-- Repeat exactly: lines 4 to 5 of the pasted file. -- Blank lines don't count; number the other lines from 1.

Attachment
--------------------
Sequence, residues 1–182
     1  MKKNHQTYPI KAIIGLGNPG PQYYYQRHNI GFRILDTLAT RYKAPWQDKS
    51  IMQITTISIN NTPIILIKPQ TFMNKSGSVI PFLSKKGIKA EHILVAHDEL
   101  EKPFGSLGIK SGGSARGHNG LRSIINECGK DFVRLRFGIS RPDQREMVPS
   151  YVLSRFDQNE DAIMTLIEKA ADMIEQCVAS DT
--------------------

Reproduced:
   101  EKPFGSLGIK SGGSARGHNG LRSIINECGK DFVRLRFGIS RPDQREMVPS
   151  YVLSRFDQNE DAIMTLIEKA ADMIEQCVAS DT